Anywhere from 20 to 50 million Americans are injured or disabled each year in the United States due to automobile accidents.
Most people associate injuries involving automobiles with the use of vehicles for personal reasons. And while it is true that people are more likely to be injured when using their vehicle for personal purposes, there are times injuries can be sustained when a car or truck is used for work-related reasons. Normally, auto injuries that occur when a worker is going to or from the workplace are not covered by workers’ compensation. But there are some exceptions.
- If an employee is required to bring their vehicle to work and use it throughout their work day for business-related travel, it may be possible to file a claim if an accident occurs.
- The other exception is when company vehicles are used to provide transportation, as may be the case with car pools.
Types of Possible Injuries
Injuries that may be sustained when a vehicle is used for work-related purposes are similar to what may occur with any type of auto accident. A surprising number of injuries are caused by the door closing on a vehicle. But it’s injuries involving negligence of another person that tend to be the most serious. For instance, a sudden stop because another car swerves into a car’s path may result in whiplash or a spine injury. The most common auto-related injuries that may be experienced include:
- Neck injuries
- Broken bones
- Leg and knee injuries
- Spine-related injuries
What to Do When a Work-Related Auto Injury Occurs
When a work-related auto accident occurs, the first step to take is to seek medical attention. It’s especially important to take this step with head injuries, possible spinal cord injuries, bone fractures, and any injury that has resulted in the loss of consciousness, sensation, or blood. If possible, key information should be obtained, such as witness info, license plate number if another vehicle was involved, and insurance information for other involved parties.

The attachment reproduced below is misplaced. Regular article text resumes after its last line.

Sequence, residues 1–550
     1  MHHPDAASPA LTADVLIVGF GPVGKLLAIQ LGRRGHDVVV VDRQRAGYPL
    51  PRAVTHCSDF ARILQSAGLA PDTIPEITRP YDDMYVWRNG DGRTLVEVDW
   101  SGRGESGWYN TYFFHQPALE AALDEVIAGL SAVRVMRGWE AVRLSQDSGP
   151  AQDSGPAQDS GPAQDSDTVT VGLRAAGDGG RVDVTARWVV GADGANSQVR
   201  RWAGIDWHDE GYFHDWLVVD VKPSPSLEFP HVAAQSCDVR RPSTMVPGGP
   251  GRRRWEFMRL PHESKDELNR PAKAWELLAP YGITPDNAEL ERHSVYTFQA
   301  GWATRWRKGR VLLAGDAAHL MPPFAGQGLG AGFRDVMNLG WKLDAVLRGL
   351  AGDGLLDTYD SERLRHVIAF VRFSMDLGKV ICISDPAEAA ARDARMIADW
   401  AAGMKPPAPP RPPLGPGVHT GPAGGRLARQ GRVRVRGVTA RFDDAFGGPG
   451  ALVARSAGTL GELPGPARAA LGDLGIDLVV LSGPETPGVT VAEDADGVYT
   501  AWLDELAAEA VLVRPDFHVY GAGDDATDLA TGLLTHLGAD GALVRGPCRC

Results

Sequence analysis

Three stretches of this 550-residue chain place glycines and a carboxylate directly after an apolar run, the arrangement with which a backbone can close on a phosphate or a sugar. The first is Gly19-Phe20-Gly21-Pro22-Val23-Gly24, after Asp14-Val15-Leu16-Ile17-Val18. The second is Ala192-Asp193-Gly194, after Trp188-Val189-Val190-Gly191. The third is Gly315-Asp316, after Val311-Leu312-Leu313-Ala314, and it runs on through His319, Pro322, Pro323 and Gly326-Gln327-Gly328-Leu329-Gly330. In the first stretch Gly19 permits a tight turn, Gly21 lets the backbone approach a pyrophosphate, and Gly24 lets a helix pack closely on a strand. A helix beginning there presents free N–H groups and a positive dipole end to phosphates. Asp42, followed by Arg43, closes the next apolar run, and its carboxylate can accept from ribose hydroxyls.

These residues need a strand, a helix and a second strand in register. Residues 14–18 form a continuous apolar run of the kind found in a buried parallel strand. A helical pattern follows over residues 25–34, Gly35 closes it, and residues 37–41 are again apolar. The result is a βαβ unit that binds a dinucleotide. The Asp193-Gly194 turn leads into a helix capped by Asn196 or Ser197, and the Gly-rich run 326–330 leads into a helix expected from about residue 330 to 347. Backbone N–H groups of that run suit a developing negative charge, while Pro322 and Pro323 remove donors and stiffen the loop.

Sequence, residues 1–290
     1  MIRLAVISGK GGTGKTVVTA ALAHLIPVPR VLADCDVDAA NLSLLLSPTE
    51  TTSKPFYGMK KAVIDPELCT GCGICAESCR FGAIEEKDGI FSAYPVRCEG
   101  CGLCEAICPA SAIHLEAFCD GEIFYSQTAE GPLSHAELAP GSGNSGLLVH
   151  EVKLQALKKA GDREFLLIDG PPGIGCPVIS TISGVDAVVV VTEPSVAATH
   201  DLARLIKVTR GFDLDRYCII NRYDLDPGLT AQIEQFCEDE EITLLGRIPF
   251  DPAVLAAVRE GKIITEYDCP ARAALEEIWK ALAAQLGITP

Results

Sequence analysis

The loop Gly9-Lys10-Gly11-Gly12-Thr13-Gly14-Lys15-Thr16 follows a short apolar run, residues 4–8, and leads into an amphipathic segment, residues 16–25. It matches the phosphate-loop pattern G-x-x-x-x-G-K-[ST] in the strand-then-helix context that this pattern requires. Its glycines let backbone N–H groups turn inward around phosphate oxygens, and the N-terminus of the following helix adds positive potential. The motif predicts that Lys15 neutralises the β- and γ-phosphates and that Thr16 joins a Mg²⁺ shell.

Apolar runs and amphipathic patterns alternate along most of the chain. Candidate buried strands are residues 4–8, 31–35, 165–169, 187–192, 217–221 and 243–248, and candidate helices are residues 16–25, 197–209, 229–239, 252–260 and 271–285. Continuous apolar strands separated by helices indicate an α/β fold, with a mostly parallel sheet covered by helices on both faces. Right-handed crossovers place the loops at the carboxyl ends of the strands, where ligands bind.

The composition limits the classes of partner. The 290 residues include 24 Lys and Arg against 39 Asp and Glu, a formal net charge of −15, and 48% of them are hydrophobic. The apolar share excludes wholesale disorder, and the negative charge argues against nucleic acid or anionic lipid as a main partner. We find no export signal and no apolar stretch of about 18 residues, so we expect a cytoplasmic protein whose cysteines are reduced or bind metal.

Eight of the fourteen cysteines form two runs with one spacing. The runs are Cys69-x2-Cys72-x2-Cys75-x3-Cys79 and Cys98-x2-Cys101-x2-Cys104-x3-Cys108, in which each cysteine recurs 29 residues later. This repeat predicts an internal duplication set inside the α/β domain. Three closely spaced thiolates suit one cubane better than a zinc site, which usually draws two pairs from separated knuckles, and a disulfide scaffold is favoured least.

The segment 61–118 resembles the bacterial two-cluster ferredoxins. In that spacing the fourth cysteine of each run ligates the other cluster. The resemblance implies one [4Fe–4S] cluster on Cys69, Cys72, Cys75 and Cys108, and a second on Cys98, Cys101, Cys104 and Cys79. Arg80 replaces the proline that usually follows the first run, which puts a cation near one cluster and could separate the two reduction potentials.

Report the incident to your employer as soon as possible so there can be a record of it in company files. If the other driver was primarily at fault, it’s usually easier to obtain workers’ compensation benefits. Even if you were partially responsible, it may be possible to file a claim. In some instances, it may be an employer that’s held responsible for work vehicle injuries. This may be possible if:
- They failed to inspect and/or maintain work vehicles
- Proper training wasn’t provided with the use of certain types of cars used for work purposes
- The vehicle lacked sufficient safety features
If there was some type of negligence on an employer’s part that may have contributed to an accident involving a company vehicle, it’s sometimes possible to secure compensation for pain and suffering, lost wages, medical expenses, and ongoing care that may include physical therapy and other medical procedures. Since there may be a fine line between whether or not an auto injury related to a vehicle being used for work-related purposes is covered by workers’ compensation, it’s best to seek advice from an attorney to determine how to proceed.